US singles out ‘Putin ally’ for more sanctions
Washington has slapped a new batch of sanctions on Russia’s Central Bank, the country’s Direct Investment Fund and its CEO, as well as the Ministry of Finance, over Russia’s military operation in Ukraine.
In a press release published on Monday, the US Department of the Treasury announced that it had prohibited American nationals “from engaging in transactions with the Central Bank of the Russian Federation, the National Wealth Fund of the Russian Federation, and the Ministry of Finance of the Russian Federation.” According to the statement, the move will effectively immobilize these Russian entities’ assets “held in the United States or by U.S. persons, wherever located.”
On top of that, Washington has targeted the Russian Direct Investment Fund (RDIF) and its CEO, Kirill Dmitriev, personally, who the US authorities describe as a “known Putin ally” with ties to American consulting and financial services firms, as well as unnamed universities.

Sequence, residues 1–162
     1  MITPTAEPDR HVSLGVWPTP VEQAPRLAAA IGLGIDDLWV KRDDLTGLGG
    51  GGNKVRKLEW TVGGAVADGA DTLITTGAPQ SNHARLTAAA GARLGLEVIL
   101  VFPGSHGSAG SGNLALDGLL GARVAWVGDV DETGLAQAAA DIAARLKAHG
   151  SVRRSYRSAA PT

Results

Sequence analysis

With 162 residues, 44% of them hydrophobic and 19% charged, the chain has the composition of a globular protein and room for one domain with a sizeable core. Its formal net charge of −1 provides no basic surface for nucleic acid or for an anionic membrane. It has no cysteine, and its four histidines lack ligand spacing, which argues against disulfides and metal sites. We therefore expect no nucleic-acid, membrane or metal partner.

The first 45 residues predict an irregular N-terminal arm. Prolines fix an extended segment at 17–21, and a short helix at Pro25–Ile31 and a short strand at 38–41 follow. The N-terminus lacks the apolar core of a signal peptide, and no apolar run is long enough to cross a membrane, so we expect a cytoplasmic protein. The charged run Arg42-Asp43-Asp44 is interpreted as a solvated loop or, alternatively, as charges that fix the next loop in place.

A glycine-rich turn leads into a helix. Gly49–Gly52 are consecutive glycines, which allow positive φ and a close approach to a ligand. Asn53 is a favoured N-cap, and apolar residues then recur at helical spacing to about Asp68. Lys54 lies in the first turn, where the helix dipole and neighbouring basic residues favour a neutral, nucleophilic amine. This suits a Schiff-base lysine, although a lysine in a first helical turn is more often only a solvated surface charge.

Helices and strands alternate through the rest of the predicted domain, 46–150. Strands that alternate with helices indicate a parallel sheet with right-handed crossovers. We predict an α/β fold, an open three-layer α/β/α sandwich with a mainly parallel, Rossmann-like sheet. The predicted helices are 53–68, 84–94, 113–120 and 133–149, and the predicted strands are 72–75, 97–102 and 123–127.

According to the statement, the RDIF is a “slush fund for President Vladimir Putin,” and has arguably become “emblematic of Russia’s broader kleptocracy.”
Explaining the need for the new restrictions, the Treasury Department claimed that “Putin and his inner circle of cronies have long relied on RDIF and Dmitriev to raise funds abroad.” Along with demonstrating America’s “unwavering commitment to support Ukraine,” Washington expects the new sanctions to “prevent Putin’s regime from raising capital to fund its invasion of Ukraine and other priorities.”
US Treasury Secretary Janet Yellen stressed that the move was made “in coordination with partners and allies,” apparently referring to the EU’s decision on February 26 to impose sanctions on Russia’s Central Bank.
The Treasury Department said it expected the latest punitive measures to “disrupt Russia’s attempts to prop up its rapidly depreciating currency.”
At the same time, however, the US authorities have issued a “general license to authorize certain energy-related transactions with the Central Bank of the Russian Federation.”
On February 24, Russia announced the beginning of what President Vladimir Putin called a “special military operation” to “demilitarize and denazify” Ukraine. Moscow insists it was forced to take decisive steps to protect the Russian-speaking population in the newly-recognized Donbass republics. Ukraine and its Western allies, however, dismiss Moscow’s claims as a mere pretext to justify an “unprovoked” attack.